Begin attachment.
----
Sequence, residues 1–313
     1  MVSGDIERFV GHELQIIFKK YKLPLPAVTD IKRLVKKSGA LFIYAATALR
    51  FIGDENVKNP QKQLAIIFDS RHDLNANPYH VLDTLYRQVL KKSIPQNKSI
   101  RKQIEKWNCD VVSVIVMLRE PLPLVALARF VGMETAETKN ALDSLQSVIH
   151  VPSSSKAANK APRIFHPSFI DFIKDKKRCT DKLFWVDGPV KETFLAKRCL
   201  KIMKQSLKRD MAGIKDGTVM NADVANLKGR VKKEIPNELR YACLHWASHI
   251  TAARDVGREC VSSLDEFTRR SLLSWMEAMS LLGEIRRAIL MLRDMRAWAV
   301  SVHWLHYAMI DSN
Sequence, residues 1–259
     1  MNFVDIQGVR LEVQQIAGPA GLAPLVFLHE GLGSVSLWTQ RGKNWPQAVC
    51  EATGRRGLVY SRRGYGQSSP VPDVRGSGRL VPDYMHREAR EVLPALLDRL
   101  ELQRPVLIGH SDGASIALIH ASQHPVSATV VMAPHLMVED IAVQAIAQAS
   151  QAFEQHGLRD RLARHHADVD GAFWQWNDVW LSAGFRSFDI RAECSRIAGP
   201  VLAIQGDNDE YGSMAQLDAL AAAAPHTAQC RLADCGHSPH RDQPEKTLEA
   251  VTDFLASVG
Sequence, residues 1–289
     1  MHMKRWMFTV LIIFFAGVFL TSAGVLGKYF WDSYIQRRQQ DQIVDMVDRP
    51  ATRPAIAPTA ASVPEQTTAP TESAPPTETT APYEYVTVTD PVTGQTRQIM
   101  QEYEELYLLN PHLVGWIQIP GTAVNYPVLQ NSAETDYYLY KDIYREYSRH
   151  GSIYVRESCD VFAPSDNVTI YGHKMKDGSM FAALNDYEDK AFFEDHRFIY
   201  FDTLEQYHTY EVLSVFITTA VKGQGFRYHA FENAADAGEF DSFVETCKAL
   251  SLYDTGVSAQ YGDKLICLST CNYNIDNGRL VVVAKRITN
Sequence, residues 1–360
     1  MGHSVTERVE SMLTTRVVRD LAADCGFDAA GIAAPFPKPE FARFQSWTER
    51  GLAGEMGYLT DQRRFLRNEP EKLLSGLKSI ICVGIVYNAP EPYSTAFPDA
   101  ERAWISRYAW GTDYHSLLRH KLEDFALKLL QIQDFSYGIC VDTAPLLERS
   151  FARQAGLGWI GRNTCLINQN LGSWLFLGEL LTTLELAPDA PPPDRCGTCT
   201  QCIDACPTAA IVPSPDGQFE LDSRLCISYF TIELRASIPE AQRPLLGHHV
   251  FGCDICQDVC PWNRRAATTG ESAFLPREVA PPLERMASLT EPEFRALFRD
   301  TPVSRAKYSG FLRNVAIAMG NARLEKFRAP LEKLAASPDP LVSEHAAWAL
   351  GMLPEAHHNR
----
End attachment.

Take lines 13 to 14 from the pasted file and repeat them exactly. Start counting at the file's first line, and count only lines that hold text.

   151  QAFEQHGLRD RLARHHADVD GAFWQWNDVW LSAGFRSFDI RAECSRIAGP
   201  VLAIQGDNDE YGSMAQLDAL AAAAPHTAQC RLADCGHSPH RDQPEKTLEA